Image Javier Aquirresarobe.
© Dimension Films/2929....
Viggo Mortensen, the Academy Award-nominated actor of Eastern Promises, most famous for his portrayal of Aragorn in the Lord of the Rings series, stars in the adaptation of Cormac McCarthy's best-selling novel The Road. Directed by John Hillcoat, The Road is a post-apocalyptic story about a father and son trying to survive in the most dire conditions. Faithful to the novel that inspired it, the movie is bleak but hauntingly beautiful, anchored by Mortensen's best performance to date.
Would you consider this to be your most challenging role?
Yeah, it was. There was ... a slightly masochistic element to it, meaning what you learn the most from are the things that you confront while being afraid of them. When I was offered this role, I realized that it's a great role and a very important story and a big challenge, but I was afraid. Not whether the movie would do well or not or about people asking how you make a movie of this book, but I was just afraid as an actor that I wouldn't be up to it in terms of my contribution, which was carrying this emotional load, sometimes in subtle ways, with this kind of frailty. But I liked that as much as I was afraid of it and knew I would learn something, I liked what I felt when I read the book and when I read the script -- it's heartbreaking, and it's a tough journey, but, in the end, I felt strangely uplifted. I felt more aware and more focused on things, concerns about family, about the world, just a simple thing like being grateful to be alive. It sounds very, almost, trite, but that's where the movie takes you, in a way. It says, "Why not be kind no matter what they've taken away from you?"
Why do you think people were so skeptical about the novel translating into a movie?
I think because so much of it is in prose, and a description of landscape, the interior life of the characters -- particularly the character of the man I play, who's carrying this memory of the world that no longer is, and especially about his wife who is no longer with them. All of this is described so poetically by Cormac McCarthy. It's difficult to do that in a movie without narrating the whole thing. Well, it's a leap of faith, and it has to just be shown in a different way -- those feelings have to just be shown in a different medium without words and that's what we committed to. And the biggest immediate obstacle was well this is a two-hander: There are great actors that we meet along the way, but the burden rests on the boy and the man. And the boy, if you read the book, is who breaks your heart in the end, his situation and his reaction to the situation. "Where are they going to find a boy who can do that?" was my worry once I said yes. We were lucky because Kodi Smit-McPhee more than delivered. He's a unique, intelligent, mature performer, and he's a little boy, and I often forgot that. I would just be amazed at how he would commit to every take of every scene. After one day, I realized this wasn't just a one-time thing, a lucky thing -- he's doing this every day, he's kind of leading the way in some sense.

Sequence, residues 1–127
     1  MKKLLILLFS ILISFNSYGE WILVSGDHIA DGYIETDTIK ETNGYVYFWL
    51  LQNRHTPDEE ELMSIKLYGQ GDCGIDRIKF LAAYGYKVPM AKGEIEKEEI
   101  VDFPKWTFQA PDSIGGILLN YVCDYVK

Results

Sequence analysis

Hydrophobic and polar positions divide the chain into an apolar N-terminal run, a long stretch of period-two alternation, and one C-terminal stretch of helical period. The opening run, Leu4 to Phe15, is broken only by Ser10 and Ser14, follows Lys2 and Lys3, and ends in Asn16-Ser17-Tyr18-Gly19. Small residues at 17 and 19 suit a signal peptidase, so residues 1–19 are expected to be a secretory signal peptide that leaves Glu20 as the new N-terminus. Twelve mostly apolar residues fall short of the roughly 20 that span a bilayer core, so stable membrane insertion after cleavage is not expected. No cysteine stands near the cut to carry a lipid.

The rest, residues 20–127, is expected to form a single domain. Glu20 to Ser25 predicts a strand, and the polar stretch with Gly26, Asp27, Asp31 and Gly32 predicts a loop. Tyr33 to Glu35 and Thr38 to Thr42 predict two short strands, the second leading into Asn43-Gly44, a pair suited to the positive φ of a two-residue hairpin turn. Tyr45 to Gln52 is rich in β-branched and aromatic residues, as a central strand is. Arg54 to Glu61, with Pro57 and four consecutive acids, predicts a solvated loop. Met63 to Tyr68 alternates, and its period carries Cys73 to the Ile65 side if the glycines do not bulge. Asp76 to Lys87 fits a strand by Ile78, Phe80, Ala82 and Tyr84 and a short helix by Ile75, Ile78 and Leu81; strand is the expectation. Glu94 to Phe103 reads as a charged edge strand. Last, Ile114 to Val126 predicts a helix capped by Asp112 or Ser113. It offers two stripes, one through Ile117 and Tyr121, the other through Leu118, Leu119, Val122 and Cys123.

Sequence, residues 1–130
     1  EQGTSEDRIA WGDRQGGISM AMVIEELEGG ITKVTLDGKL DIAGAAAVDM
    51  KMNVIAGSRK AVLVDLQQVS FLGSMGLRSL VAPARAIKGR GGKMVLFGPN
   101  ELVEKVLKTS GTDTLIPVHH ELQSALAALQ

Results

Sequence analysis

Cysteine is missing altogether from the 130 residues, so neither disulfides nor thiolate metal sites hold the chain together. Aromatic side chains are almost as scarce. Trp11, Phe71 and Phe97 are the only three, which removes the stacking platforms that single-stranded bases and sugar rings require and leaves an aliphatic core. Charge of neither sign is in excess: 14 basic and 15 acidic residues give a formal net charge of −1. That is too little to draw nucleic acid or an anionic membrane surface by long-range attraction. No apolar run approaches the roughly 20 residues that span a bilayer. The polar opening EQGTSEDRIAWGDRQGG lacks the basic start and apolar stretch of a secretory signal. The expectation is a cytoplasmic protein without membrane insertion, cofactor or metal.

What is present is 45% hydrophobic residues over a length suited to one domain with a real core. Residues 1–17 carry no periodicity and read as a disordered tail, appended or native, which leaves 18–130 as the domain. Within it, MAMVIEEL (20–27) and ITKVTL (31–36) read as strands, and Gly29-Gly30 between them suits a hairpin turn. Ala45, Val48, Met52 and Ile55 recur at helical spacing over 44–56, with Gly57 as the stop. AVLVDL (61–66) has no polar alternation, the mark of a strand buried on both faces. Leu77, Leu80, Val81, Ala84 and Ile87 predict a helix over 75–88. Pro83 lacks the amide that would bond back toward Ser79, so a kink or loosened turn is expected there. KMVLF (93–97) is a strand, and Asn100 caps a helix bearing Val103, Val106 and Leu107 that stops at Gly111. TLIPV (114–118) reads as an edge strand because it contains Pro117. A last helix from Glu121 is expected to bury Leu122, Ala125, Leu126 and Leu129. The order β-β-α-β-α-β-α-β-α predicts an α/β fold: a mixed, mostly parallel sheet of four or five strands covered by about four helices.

You have great scenes with Kodi, but one of the most beautiful scenes in the movie is the one with Robert Duvall, who is unrecognizable. What was that like?
He was amazing. It wasn't just that they did this great make-up, but his physicality and how he improvised physically and verbally.
So the scene was improvised?
Well there was something that happened. It was the very last take, and it was the scene by the campfire, and I knew that Duvall wasn't satisfied. I knew that there was something, that magic little thing hadn't happened yet. He said, "If we could do one more take ... let's just do one for ourselves," and I go, "Yeah, whatever." Then, suddenly, he says, "I had a boy once," and the hair just went up on the back of my neck, and I was like, "Wow, that is so right." I realized that, which happens once in a while, and you are just so happy that it happened. ... It's so simple and beautiful and obvious, and he said it with such feeling that, when we went back to the line from the scene, there was a little pause, so I asked, "What happened to your boy, your son?" And the rest was magic.
Did shooting in this environment that was so bleak and with a character so destitute take a toll on you?
Yeah. [Laughs.] I'm laughing now since time has passed, but it was as hard, maybe a little harder, as it needed to be, which was good for us -- just like it was good that we shot outdoors because of the relatively modest budget. We weren't making 2012, which is a different kind of movie, you know, green screens, millions of dollars into effects. One of the first things I asked the director was, "When are we shooting this, and how," because I've done green-screen before, and it's fine, but this is the kind of story where the landscape is a character as much as any other story, and where I felt it would be a measuring stick. It's true that when you're traveling through these suffering landscapes, these devastating landscapes, it's so real, and it was definitely cold, and we were definitely wet. Everything was so real visually and physically for us that we could not be anywhere else other than at that level. We had to reach that somehow in terms of our emotions and our relationship. It had to be credible, and I think it was a great help to us.
And Kodi was able to cope with all this hardship?
Well, yeah. He's a gutsy performer.